NPS, footfall, martech: 5 killer stats to start your week

We arm marketers with all the numbers they need to tackle the week ahead.

1. Just 10% of brands in the UK excel at customer experience

Only 10% of brands in the UK have a net promoter score (NPS) of 40 or more, with logistics, energy and water emerging as the worst sectors for delivering on customer satisfaction.

Insurer NFU Mutual (70) is the company with the highest NPS in the UK. This is followed by First Direct (63), Volvo (49), Netflix (49) and Amazon (44).

By industry, the tech sector has the strongest overall NPS (36), followed by automotive (31) and media (25). Conversely, logistics is the worst-performing sector with an NPS of -13, followed by energy (-10) and water (-8).

Source: Bain & Company

2. Retail footfall falls 10% in seven years

Retail footfall has dropped by 10% over the last seven years as weak consumer spending and a shift to online hit shopper numbers.

Retail footfall declined by 1.7% year on year in September and by 1.6% over the past three months.

High street footfall was down 1.8%, while shopping centre footfall declined 2.5%. Retail parks saw a slight increase of 0.1% year on year.

Heavy rain in the last week of the month hit footfall hard, with levels “reasonably positive” at just a 0.7% decline before the weather hit.

“Given the monumental changes that have occurred in our retail trading landscape over the past decade, it is unsurprising that the long-term footfall trend is a downward one,” says Springboard marketing and insights director, Diane Wehrle.

“However, with 80% of spend remaining in-store there is still much for bricks and mortar stores to play for in Q4 of 2019, which of course includes the all-important festive trading period.”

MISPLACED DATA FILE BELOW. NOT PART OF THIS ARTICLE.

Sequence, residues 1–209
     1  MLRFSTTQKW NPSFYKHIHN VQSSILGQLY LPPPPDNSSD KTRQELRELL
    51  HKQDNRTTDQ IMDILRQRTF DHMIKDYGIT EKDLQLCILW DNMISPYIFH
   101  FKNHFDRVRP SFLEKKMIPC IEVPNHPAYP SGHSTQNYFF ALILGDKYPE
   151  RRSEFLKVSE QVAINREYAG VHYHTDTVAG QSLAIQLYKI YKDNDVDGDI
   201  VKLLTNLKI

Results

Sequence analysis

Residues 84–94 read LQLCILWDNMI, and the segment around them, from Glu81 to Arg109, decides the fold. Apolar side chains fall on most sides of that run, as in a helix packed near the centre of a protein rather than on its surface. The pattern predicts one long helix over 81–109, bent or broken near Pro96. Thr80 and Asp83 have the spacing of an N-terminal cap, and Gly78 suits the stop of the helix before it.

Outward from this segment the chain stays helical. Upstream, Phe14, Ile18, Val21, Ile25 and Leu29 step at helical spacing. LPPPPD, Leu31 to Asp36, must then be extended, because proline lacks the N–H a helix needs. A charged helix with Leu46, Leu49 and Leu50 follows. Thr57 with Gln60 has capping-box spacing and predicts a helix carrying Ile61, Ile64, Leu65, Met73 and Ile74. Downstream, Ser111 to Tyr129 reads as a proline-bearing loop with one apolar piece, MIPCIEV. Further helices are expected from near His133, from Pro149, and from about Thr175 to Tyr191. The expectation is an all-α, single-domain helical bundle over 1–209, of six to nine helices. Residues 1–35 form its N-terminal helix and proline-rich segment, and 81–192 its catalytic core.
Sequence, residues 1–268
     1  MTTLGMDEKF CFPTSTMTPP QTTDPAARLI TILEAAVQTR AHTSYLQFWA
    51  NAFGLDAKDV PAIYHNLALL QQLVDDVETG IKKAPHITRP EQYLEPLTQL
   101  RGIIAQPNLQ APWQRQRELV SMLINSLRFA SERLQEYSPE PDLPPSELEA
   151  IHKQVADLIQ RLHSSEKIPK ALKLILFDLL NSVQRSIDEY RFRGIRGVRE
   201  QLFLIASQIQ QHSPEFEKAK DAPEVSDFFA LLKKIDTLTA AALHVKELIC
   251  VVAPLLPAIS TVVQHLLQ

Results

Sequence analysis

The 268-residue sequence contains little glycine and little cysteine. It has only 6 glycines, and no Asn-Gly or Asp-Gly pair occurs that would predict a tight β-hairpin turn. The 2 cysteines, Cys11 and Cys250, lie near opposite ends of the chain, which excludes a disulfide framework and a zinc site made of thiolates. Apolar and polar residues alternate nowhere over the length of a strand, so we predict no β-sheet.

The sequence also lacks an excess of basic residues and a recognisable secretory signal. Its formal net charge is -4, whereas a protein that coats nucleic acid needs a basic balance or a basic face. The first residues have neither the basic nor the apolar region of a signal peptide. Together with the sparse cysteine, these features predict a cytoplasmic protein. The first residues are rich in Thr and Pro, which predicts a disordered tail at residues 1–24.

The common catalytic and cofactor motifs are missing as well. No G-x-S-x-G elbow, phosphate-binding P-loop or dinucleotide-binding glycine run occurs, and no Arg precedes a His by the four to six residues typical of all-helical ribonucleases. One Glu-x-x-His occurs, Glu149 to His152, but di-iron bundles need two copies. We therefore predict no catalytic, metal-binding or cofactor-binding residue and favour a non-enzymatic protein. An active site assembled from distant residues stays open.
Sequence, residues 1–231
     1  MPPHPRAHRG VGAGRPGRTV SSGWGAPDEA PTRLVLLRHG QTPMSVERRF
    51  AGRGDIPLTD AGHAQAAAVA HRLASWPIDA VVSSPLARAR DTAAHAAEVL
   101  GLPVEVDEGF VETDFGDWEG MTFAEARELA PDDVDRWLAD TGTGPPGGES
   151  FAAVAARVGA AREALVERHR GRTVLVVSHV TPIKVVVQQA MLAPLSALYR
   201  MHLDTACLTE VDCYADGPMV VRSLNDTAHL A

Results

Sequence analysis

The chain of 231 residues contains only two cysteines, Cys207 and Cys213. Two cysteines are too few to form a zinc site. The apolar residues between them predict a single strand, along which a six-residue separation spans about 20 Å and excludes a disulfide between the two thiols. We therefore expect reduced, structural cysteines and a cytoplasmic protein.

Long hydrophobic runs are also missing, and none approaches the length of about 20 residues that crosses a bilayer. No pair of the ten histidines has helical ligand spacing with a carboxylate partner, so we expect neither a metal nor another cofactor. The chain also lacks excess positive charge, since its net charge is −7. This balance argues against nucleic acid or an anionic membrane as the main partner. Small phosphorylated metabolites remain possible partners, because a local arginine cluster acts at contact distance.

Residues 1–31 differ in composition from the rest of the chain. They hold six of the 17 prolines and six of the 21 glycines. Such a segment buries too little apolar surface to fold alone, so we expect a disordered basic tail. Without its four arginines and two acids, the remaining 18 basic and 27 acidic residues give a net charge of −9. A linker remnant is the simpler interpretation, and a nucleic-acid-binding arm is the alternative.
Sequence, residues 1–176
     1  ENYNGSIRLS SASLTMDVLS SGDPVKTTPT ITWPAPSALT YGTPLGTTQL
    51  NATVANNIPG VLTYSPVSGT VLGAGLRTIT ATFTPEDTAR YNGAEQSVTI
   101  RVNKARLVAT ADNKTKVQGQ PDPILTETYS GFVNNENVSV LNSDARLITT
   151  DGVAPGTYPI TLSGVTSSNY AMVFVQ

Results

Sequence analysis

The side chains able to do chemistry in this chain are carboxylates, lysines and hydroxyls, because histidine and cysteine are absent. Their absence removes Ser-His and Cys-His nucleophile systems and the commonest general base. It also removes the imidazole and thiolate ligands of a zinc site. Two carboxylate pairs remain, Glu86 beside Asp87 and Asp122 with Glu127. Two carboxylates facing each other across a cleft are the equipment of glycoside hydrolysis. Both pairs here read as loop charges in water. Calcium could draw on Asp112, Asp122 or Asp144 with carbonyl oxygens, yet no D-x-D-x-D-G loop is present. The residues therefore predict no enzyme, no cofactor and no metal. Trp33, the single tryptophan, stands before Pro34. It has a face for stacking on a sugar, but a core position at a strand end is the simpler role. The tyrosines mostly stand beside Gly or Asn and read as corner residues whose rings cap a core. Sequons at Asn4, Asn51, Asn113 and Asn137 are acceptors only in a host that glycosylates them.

Source: Springboard and the BRC

3. Marketing technology market now worth more than $120bn

The global marketing technology market grew 22% last year and is now worth an estimated $121.5bn.

Almost half (43%) expect their martech budgets to increase over the next 12 months, with just 4% expecting to see a decrease. On average, brands in North America and the UK spend 26% of their marketing budgets on martech, compared to 23% last year.

More than three-quarters of brands use martech to assist with email and social media, and two-thirds use it for content, CRM and analytics. But just 24% of global marketers, and 27% in the UK, think they have all the martech tools they need.

Source: WARC

4. Netflix the most positively talked about brand among millennials

Netflix is the most positively talked about brand among millennials, with a score of 80.2 and a lead of 7.3 points.

Airbnb takes second position with 72.9 points, fast food giant McDonald’s takes third place (72.5) and social networking platform Instagram takes fourth (72.4).

The top 10 list is dominated by tech companies and companies that would have previously be considered as ‘disrupters’ such as Monzo, on 71.9 points, and Spotify on 70.5. Ikea and Primark are the only two retailers to make the top 10, which also includes Apple and the iPhone.

In terms of the biggest improvers, Amazon Prime Video tops the list with an increase of 10.4, followed by Häagen-Dazs, which saw its score rise 7.5 points, Marmite and Adidas (6.0), and Vans (5.9%).

The rankings assess positive word of mouth – whether someone has talked about a brand with friends and family in the past two weeks.

Source: YouGov BrandIndex

5. Marketers identify customer experience as most important to their success

Marketers believe customer experience is most important for business success, with 84% of 500 marketers questioned in a survey identifying it. A further 81% believe customer experience is a key driver of marketing success.

For business success, customer experience was followed by strategy and planning and brand management on 79%, and data and analytics on 76%. For marketing success, strategy and brand management, and user experience came next on 78%.

More than half (52%) identify artificial intelligence (AI) as the technology that will most influence the marketing function in the next five years. This is ahead of mobile apps (38%), voice assistants (36%) and immersive technologies (32%).

Source: The Economist Group

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